Well, as I’ve yet to tell my father that I will, in fact, be living in sin for the rest of my life (it’s too early to break his heart just yet, he’ll figure it out in time), my response ended up more like “Oh, I don’t know, why would I get married to someone knowing that there will be times when I don’t want to have sex?  Even though I would also know that the times I do will outnumber the times I don’t?  It’s not like there will be things like bad days and being tired and just not feeling up to it to take into consideration.  Perhaps because I’d expect a future husband to respect my boundaries, and not assume that he has dominion over my actions and my body because I happen to want to spend the rest of my life with him?”
Which, you can imagine, didn’t go over well.
It was only later that I calmed down enough to really think about the other part of his argument…the part that says that each spouse should be worried about the other’s wants and needs more than their own.  I don’t see how this works.  Obviously, when it came down to what the woman wanted vs. what the man wanted in the situation we were discussing, the man’s wants were more important.  How exactly do you decide whose wants and needs are more important when they come into conflict?
The simple answer is that it doesn’t work, and there will be too many situations in which there is no way to fairly decide.
The truth of this, as far as I see it in my parents, is that the wife’s needs end up being less important than the husband’s.  I don’t think either of them would admit to this, but it is how it has ended up.  I suspect that’s how it would end up in many relationships.  One spouse is going to be the one to constantly give up what he or she wants and needs in order to fulfill the wants and needs of the other.  Whether this would be the woman or the man really depends on the relationship, but if we’re following the biblical “wives, be subservient to your husbands; husbands, try not to abuse your wives or treat them like crap” model (Ephesians 5: 22-33), then the person to sacrifice will be the wife.  It’s a fucked up way to carry out a relationship either way, but it’s even more fucked up to say that’s the way relationships should be when you know you aren’t the one making the sacrifices.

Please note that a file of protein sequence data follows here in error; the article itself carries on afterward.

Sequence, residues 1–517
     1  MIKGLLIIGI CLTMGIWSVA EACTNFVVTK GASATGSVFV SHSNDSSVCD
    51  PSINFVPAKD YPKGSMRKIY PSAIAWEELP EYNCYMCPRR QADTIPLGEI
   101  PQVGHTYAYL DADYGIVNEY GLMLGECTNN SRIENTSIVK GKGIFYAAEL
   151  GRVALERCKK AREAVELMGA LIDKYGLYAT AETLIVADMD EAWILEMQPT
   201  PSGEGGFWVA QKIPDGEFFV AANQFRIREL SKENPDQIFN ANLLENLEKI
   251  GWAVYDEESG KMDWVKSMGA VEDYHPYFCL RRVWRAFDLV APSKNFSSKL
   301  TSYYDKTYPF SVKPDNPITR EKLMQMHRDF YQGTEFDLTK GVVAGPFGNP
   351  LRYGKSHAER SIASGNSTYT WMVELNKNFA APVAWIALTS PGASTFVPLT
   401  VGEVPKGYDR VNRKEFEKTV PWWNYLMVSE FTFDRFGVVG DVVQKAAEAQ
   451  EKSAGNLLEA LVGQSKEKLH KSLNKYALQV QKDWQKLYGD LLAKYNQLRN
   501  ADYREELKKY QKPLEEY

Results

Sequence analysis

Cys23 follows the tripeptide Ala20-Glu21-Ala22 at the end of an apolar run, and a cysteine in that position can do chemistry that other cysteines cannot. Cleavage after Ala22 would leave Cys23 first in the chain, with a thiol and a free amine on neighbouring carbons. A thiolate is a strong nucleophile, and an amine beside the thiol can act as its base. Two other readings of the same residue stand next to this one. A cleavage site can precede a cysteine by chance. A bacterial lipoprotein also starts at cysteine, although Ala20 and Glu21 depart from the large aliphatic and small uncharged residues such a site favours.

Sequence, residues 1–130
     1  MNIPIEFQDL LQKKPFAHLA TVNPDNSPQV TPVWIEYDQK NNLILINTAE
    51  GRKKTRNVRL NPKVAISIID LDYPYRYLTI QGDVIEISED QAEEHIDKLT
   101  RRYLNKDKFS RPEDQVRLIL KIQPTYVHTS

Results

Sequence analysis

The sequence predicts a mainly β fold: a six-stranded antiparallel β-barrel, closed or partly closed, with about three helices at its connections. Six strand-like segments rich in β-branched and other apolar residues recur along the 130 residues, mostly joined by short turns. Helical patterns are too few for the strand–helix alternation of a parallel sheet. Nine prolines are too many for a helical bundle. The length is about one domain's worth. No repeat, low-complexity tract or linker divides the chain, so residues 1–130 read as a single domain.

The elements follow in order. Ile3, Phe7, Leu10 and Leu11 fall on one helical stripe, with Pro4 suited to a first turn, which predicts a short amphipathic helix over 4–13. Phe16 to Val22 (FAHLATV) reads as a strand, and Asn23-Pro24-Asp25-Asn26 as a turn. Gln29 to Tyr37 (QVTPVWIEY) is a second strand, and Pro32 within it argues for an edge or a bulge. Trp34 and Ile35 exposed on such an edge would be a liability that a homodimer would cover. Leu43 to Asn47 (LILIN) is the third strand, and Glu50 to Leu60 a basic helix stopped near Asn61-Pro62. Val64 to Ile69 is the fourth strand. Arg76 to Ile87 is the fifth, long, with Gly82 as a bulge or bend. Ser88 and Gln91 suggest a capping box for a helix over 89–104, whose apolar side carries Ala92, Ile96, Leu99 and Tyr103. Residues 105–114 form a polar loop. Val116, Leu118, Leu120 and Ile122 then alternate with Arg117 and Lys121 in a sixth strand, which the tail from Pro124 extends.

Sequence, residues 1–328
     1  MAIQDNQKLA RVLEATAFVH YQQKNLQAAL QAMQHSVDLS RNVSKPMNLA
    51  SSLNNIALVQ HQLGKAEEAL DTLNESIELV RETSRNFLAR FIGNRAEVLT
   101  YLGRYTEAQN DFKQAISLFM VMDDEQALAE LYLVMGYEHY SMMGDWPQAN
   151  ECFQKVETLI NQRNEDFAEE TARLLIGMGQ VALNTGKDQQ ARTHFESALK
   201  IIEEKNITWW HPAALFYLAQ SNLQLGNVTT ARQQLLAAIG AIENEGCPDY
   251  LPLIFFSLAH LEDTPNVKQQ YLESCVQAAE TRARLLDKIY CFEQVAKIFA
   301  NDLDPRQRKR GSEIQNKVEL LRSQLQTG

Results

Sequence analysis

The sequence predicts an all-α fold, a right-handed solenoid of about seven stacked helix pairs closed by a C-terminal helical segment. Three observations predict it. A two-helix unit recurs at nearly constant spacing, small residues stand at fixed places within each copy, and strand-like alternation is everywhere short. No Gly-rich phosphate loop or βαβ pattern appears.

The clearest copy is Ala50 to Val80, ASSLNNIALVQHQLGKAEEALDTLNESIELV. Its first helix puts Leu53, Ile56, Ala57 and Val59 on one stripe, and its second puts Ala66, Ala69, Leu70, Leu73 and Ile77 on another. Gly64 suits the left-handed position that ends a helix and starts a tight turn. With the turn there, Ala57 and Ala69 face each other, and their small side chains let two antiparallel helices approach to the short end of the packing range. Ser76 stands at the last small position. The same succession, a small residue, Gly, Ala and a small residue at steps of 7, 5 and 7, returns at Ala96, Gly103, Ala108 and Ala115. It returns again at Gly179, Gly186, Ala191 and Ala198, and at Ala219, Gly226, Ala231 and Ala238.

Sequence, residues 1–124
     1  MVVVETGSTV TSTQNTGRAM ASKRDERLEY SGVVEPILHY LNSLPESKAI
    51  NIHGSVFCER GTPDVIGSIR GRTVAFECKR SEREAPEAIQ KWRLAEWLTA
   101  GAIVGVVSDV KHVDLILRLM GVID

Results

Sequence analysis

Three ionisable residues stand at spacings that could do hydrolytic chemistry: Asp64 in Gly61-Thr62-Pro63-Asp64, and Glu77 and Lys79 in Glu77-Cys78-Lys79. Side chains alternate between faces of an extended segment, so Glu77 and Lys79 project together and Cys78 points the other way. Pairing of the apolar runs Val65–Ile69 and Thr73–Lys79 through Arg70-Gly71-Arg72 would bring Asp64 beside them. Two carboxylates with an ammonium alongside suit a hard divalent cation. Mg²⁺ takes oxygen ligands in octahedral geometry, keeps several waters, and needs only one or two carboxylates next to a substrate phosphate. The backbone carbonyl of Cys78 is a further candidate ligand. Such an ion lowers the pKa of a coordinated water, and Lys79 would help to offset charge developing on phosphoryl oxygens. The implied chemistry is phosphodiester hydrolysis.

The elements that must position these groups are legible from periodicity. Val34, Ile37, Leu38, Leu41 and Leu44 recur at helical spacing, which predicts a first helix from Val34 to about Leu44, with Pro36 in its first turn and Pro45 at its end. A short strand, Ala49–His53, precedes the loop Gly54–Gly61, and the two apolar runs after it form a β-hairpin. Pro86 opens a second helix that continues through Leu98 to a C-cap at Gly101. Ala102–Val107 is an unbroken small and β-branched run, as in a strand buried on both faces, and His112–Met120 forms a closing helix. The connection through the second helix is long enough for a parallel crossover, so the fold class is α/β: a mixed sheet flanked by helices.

Of course, if you do decide to engage in a long-term, possibly permanent relationship, there will be times when your wants and needs come into conflict.  There will be times when compromise will come easily, and there will be times when compromise is difficult or impossible.  And each couple will work through this in their own way, or they won’t.  But I cannot agree that they should place their own wants and needs second, always, in every situation.  The past-me, the one who would have had children she didn’t want (wow, does that sound both horrible and ridiculous to me now), who would have gotten married and kept her mouth shut, perhaps she could have agreed to that.  But I know all too well how easily putting yourself second is taken advantage of, as well as how problematic it is to think there’s nothing wrong with doing so.  There are many people I love and care about, people for whom I will engage in unpleasant activities, people I will worry about and try to protect.  However, I do these things strictly because I want to do them.  I do these things because I decide, on a case-by-case basis, whether my small sacrifice is worth the trade-off.  If I think it’s too much, if I think it will make me unhappy, if I just really don’t want to do it, I won’t, because I am unashamed of (what is often considered selfishness) looking out for myself first.  I get one shot at this, one chance to enjoy my life, and I choose to leave behind the self-sacrificing past-me and embrace the selfish present-me.  And you know, I’m happy about that decision.  It’s one I don’t think I will regret.